It could be a bit of a bump in the road. Depends on what the relative cost is ultimately. It could slow sales a bit but there will always be people who want a diesel even if gas prices are lower.
Bob Hegbloom, head of the Ram brand, said that the widening diesel-gasoline price gap hasn't softened demand for the brand's hot-selling light-duty diesel pickup.
"We're still seeing fantastic sales numbers," Hegbloom said.
But he conceded: "It's a tough time to ask that question. December is the largest month of the year for truck sales."
Hegbloom said consumers have waited so long for a light-duty diesel that there's probably some pent-up demand that Ram is working through. In September, the brand said it was increasing the EcoDiesel production mix to 20 percent of all Ram 1500s.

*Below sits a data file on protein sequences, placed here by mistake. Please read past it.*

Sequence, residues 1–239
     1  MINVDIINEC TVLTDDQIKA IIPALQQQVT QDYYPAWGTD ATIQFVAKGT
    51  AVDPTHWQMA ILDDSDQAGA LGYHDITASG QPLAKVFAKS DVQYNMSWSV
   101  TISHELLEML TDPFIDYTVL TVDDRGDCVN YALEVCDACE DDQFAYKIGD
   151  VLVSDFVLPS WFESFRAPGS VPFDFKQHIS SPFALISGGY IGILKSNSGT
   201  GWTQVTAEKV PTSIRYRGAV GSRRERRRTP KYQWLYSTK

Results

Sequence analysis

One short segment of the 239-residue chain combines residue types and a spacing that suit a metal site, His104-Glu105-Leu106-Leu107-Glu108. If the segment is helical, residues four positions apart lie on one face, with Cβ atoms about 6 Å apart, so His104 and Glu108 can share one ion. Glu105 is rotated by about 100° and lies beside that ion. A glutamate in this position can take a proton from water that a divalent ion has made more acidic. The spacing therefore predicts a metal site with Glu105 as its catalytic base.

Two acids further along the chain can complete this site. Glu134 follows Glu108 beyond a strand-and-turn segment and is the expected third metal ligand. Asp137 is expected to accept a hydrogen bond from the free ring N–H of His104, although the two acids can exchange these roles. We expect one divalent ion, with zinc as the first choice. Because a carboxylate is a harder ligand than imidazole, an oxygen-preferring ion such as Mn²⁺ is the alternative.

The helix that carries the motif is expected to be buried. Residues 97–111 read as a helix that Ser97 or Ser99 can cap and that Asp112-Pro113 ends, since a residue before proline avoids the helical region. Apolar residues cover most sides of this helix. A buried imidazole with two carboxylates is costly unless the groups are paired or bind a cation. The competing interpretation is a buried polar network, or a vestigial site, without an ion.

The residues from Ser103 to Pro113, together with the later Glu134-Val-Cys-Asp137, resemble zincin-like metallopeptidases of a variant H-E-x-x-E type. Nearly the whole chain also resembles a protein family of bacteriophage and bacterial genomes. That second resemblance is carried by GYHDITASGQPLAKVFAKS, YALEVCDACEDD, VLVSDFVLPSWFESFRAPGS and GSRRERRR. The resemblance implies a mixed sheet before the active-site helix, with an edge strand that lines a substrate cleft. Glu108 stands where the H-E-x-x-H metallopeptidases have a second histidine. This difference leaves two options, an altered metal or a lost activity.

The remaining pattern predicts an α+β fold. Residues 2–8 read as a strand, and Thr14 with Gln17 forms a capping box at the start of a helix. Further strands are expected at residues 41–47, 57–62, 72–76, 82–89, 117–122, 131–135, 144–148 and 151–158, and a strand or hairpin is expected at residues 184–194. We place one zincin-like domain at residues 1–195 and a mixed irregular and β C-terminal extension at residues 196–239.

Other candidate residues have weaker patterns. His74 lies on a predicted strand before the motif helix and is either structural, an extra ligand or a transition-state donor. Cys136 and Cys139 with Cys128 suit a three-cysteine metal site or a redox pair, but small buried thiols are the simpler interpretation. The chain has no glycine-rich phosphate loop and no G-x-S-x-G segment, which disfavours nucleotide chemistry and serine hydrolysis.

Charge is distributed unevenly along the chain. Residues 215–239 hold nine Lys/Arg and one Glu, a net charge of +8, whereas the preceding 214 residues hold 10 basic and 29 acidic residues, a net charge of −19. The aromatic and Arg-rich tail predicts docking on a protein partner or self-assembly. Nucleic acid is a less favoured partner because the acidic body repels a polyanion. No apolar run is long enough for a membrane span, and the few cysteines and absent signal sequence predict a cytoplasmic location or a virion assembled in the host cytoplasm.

Gutierrez said the fuel price gap mostly affects the car market, in which buyers are more likely to base their math on fuel savings. At current prices, that math doesn't work in diesel's favor.
I'm not sure I see what your problem is with my statement. Oil is baked into many different industries, perhaps all industries. Prices have a wide ranging affect on the broad economy. For most industries lowering oil prices are a good thing though. Cheaper gas means cheaper shipping, consumers with more money to spend on products, etc... As to the why, its because of increased supply and also slightly decreased demand because of more efficient vehicles. That is the simple version, but I don't see anything wrong with it.Saying that does a GREAT disservice to the complexities of the global energy industry. I'm no expert but am an active/avid follower. Hydrocarbions are considerably baked into each and every aspect of our lives, IMO its important to understand the hows and whys...